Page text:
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SC FEDERAL DISTRICT COURT - UIM Coverage Offer/Definition of Insured
The South Carolina Federal District Court granted summary judgment to the insurer in a matter involving two issues: whether a meaningful offer of underinsured motorist ("UIM") coverage was made to a sophisticated insured and, even if UIM coverage existed, whether the claimant qualified as an insured for purposes of UIM coverage. McWhite v. ACE American Ins. Co., C/A No. 4:07-cv-01551, slip op. (D.S.C. March 17, 2010). In McWhite, ACE issued a commercial auto policy to Ahold, a large supplier of food products, which covered Ahold's truck fleet. According to both Ahold and ACE, the policy was not to provide UIM coverage, except in those states where UIM coverage was mandatory, and then with only a $40,000 limit. McWhite was an Ahold employee whose truck broke down in South Carolina. He was in the process of putting out reflective warning triangles when he was struck by a passing vehicle. He was found lying between the first triangle and the back of the truck, about 5 to 10 feet from the back of the truck. He made a claim for UIM coverage under the Ahold policy which ACE denied on the grounds that the policy did not provide UIM coverage and, even if it did, McWhite was not "occupying" the covered auto at the time of the accident and, thus, did not qualify as an insured.
The Court found that while Ahold and ACE clearly intended that the policy not provide UIM coverage, it was questionable whether ACE made a meaningful offer of UIM coverage to Ahold as required by South Carolina's financial responsibility statutes. Specifically, the UIM selection/rejection form was not signed by the insured, did not list the premiums for the UIM coverages offered and did not offer UIM limits up to Ahold's $5 million liability limits.
Without deciding whether the UIM offer was meaningful, the Court went on to examine whether, assuming the policy was reformed to include UIM coverage, McWhite qualified as an insured. McWhite argued that he was a statutory insured because he was a permissive user of the truck and, even if UIM coverage only extended to those "occupying" the truck, he was an insured because he was in the process of exiting the truck when he was injured. The Court disagreed on both counts. It held that because UIM coverage in South Carolina is voluntary, the parties are free to define "insured" as they wish. As such, McWhite was not an "insured" merely by virtue of being a permissive user. Moreover, the Court held that McWhite was not "occupying" the truck at the time of his injury. It was undisputed that he was not in contact with the truck and his conduct in placing warning triangles behind the truck was not consistent with exiting the truck. Therefore, the Court granted summary judgment to the insurer.
Proving that a meaningful offer of UIM coverage was made in South Carolina remains a challenge for insurers. Agents and brokers often oversee the process and some, particularly those who are not based in South Carolina, do not understand the importance of precisely executing the selection/rejection form, especially where a sophisticated insured is involved. Nevertheless, failure to properly execute the selection/rejection form in South Carolina will result, almost every time, in a reformation of the policy to include UIM coverage up to the policy's liability limits which, with a commercial insured, can be substantial. In any training or educational programs with agents and brokers, this aspect of South Carolina law should be emphasized.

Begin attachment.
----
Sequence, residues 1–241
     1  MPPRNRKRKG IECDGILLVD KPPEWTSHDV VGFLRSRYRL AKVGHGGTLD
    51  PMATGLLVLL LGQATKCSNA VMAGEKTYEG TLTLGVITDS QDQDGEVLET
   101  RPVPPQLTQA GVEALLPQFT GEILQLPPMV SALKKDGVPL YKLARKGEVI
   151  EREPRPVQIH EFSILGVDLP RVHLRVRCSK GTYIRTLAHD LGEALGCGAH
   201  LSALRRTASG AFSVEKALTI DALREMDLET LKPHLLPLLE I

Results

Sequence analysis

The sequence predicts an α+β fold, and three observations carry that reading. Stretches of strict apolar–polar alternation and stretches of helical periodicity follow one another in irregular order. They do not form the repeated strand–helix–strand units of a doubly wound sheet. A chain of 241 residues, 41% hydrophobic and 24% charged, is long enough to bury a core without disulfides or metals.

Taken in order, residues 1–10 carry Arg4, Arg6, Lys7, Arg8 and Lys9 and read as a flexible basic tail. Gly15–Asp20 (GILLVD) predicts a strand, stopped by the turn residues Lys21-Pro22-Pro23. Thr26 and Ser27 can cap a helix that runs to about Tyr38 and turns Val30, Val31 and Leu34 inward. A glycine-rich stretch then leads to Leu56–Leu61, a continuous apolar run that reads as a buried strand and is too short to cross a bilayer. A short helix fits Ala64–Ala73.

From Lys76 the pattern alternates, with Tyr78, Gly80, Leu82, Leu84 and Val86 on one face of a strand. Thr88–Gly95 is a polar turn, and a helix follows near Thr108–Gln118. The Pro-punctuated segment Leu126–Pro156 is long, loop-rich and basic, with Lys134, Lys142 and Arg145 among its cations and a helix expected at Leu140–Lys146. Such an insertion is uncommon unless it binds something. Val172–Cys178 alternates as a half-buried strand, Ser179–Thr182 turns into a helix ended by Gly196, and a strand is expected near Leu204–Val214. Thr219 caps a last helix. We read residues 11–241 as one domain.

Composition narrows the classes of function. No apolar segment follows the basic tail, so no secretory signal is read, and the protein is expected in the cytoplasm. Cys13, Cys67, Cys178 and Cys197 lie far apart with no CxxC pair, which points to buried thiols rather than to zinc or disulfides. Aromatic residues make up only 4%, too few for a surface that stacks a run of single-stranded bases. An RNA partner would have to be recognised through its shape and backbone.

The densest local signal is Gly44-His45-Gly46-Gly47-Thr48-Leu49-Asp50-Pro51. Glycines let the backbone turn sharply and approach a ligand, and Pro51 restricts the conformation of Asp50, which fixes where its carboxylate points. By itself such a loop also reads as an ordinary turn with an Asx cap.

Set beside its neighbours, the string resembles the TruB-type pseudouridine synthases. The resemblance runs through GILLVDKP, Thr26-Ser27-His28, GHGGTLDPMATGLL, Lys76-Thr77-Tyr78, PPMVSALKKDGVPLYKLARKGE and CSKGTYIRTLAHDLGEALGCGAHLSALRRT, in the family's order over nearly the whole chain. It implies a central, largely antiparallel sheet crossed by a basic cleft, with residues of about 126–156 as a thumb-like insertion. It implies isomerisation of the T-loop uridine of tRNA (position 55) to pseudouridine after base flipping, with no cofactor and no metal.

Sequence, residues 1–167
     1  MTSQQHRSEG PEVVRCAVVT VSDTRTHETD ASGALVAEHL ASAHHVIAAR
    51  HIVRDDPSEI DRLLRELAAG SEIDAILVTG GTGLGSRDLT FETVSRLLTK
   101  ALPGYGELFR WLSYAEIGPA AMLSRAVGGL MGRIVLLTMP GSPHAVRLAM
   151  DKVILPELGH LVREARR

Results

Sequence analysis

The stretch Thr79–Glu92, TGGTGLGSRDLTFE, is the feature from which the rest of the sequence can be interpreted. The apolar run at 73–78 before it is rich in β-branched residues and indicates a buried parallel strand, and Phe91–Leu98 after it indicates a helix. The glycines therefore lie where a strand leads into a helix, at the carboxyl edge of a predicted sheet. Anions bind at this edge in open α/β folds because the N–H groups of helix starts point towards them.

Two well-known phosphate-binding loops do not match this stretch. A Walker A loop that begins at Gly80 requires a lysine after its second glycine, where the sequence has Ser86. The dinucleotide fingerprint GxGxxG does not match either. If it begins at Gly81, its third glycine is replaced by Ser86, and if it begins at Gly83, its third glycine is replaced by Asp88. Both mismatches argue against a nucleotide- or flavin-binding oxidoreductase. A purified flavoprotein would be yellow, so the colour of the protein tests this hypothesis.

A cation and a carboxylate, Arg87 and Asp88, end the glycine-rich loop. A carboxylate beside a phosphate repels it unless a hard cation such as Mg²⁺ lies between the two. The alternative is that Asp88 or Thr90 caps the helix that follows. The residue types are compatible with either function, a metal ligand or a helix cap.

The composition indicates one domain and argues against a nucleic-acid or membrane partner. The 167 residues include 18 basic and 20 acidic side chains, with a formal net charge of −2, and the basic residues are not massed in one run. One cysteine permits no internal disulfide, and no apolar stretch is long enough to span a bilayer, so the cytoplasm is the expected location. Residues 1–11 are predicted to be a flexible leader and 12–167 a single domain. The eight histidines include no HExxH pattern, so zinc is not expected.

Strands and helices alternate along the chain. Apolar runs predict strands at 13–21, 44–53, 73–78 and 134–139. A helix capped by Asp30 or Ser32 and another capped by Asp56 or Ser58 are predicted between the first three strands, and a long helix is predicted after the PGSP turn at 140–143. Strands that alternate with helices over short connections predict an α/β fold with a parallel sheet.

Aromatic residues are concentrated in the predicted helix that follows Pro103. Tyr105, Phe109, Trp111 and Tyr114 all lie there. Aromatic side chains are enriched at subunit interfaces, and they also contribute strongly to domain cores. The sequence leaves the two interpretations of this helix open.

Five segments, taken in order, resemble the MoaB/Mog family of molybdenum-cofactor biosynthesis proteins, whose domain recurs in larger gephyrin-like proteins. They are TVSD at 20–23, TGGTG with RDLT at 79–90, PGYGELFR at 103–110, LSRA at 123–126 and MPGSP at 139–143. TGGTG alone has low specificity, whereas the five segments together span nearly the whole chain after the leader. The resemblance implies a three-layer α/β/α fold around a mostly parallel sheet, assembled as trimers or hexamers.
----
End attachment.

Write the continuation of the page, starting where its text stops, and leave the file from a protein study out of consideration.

For a copy of this case, please email: firstname.lastname@example.org
NORTH CAROLINA - Personal & Advertising Injury - Quality or Performance of Goods Exclusion
North Carolina has added some badly-needed depth to jurisprudence on the "Quality or Performance of Goods" exclusion. In Harleysville Mutual Insurance Company v. Buzz Off Insect Shield, LLC, Op. No. 272A08 (N.C.Sup.Ct. filed April 15, 2010) (2010 WL 1492136), the insured, a manufacturer of allegedly insect-repelling clothing, was sued for trademark infringement, false advertising and other similar theories by a competitor who alleged that the insured's claims that the clothing effectively repelled insects were false. The insured's commercial general liability carriers sought a declaratory judgment that their policies afforded no personal and advertising coverage because the claims against the insured were excluded by the "Quality or Performance of Goods - Failure to Conform to Statements" exclusion.
The trial court entered partial summary judgment for the insured, holding that the policies provided coverage and the insurers were obligated to defend the insured in the underlying action. The insurer was granted a discretionary appeal and a majority of a divided Court of Appeals panel affirmed the trial court. However, the North Carolina Supreme Court reversed and remanded the matter for entry of summary judgment in favor of the insurers.
The allegations against the insured were key to the application of the exclusion. According to the Supreme Court, the offending advertisements by the insured involved solely the quality or ability of their own goods and did not disparage the competitor's goods. While the court acknowledged that the competitor might lose sales or market share based on the advertisement, it noted that competition is part and parcel of doing business and cannot be remedied in the court. Accordingly, even if the insured falsely advertised the quality or performance of its own products, the Quality or Performance of Goods exclusion was applicable and excluded any obligation of the insurer to defend or indemnify.
With this case and the Super Duper case decided by the South Carolina Supreme Court last year, the Carolinas are starting to build a foundation of case law interpreting personal and advertising injury coverage and exclusions. This case will also likely be guidance for other jurisdictions addressing this particular exclusion.